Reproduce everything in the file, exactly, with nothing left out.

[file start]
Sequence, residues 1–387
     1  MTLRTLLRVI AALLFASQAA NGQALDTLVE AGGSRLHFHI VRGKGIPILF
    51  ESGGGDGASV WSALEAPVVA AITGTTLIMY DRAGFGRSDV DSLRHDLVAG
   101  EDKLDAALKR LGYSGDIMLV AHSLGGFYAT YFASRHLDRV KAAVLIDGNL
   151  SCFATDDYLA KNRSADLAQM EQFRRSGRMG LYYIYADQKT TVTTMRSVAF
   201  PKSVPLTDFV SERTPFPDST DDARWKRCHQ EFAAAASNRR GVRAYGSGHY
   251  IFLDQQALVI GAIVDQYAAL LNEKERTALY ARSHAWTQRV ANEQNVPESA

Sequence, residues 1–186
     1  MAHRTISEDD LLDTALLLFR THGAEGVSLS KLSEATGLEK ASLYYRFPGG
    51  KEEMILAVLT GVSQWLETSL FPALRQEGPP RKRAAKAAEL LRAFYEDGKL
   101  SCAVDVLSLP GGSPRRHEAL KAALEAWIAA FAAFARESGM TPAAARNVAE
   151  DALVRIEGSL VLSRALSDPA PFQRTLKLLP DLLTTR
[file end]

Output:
Sequence, residues 1–387
     1  MTLRTLLRVI AALLFASQAA NGQALDTLVE AGGSRLHFHI VRGKGIPILF
    51  ESGGGDGASV WSALEAPVVA AITGTTLIMY DRAGFGRSDV DSLRHDLVAG
   101  EDKLDAALKR LGYSGDIMLV AHSLGGFYAT YFASRHLDRV KAAVLIDGNL
   151  SCFATDDYLA KNRSADLAQM EQFRRSGRMG LYYIYADQKT TVTTMRSVAF
   201  PKSVPLTDFV SERTPFPDST DDARWKRCHQ EFAAAASNRR GVRAYGSGHY
   251  IFLDQQALVI GAIVDQYAAL LNEKERTALY ARSHAWTQRV ANEQNVPESA

Sequence, residues 1–186
     1  MAHRTISEDD LLDTALLLFR THGAEGVSLS KLSEATGLEK ASLYYRFPGG
    51  KEEMILAVLT GVSQWLETSL FPALRQEGPP RKRAAKAAEL LRAFYEDGKL
   101  SCAVDVLSLP GGSPRRHEAL KAALEAWIAA FAAFARESGM TPAAARNVAE
   151  DALVRIEGSL VLSRALSDPA PFQRTLKLLP DLLTTR